The Need for Conflict Resolution in the Caucasus

Ambassador Edward Djerejian, director of the Baker Institute for Public Policy, recently attended the inaugural ceremony of the Aurora Prize for Awakening Humanity, given annually to an individual “whose actions have had an exceptional impact on preserving human life and advancing humanitarian causes.”

The ceremony held in Yerevan, Armenia, celebrated the work of Marguerite Barankitse, who has assisted tens of thousands of refugees over more than two decades of violence and humanitarian crisis in Burundi. Protecting human lives from crimes against humanity is a critical issue to Armenians around the world, as 1.5 million Armenians were killed in the 1915 genocide.

Ambassador Djerejian views the Aurora Prize as an important step for Armenians to move beyond victimhood to a role of activism in preventing similar crimes against humanity around the world. His visit came at a tense moment in the Caucasus, as hostilities broke out along the Nagorno-Karabakh ceasefire line.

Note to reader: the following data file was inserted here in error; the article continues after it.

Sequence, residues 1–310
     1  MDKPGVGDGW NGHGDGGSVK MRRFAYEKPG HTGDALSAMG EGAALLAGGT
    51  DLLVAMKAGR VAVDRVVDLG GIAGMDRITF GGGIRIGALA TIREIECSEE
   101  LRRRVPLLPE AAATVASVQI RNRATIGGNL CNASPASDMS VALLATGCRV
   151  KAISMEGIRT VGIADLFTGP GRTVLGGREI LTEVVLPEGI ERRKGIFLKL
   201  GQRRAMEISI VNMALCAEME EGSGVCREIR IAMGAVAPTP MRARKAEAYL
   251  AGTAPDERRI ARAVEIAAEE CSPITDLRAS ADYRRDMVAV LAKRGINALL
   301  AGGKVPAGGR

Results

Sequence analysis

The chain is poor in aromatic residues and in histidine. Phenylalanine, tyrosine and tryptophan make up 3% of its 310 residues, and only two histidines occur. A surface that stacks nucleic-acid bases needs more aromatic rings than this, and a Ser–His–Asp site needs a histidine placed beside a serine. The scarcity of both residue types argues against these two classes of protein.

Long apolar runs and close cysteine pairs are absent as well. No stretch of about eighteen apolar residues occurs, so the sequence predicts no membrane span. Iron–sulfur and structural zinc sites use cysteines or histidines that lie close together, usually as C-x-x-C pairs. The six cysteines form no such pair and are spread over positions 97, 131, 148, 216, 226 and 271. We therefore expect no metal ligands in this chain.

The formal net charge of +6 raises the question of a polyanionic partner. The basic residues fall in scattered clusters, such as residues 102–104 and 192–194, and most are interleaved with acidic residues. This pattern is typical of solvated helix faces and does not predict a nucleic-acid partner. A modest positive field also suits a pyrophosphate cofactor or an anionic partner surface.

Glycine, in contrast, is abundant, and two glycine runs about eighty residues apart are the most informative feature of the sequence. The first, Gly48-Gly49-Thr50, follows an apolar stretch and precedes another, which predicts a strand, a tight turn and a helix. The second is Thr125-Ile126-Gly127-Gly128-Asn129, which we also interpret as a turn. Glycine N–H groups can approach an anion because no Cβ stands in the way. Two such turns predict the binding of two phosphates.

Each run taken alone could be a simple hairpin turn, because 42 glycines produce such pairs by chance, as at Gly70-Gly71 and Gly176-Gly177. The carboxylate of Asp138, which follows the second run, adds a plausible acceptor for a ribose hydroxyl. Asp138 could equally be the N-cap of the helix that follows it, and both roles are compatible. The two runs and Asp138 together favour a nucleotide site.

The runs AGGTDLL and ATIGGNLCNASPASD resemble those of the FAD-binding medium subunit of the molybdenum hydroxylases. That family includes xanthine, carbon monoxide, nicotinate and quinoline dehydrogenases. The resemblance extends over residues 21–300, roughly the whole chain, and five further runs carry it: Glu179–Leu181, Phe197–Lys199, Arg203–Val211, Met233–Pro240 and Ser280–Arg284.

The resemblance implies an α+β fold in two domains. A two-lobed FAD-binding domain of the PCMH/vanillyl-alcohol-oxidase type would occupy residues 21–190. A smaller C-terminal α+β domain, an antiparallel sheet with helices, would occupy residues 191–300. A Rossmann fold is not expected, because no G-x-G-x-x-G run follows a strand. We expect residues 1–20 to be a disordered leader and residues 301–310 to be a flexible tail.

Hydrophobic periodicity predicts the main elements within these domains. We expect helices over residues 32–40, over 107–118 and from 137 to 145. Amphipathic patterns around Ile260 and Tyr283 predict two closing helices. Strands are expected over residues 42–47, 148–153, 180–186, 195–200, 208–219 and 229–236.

As a veteran of a number of conflict negotiations, the ambassador addressed a group of Armenian diplomats at the Foreign Ministry and emphasized the importance of resolving frozen conflicts such as Nagorno-Karabakh, stressing the interest of all parties to move from conflict management to conflict resolution. The ambassador also met with Armenian President Serzh Sargsyan, Armenian Catholicos Karekin II and Armenian Foreign Minister Edward Nalbandian, as well as students from the American University of Armenia.

To read Ambassador Djerejian's interview with the Armenian media outlet MediaMax, click here.  

A Russian translation of the interview is available here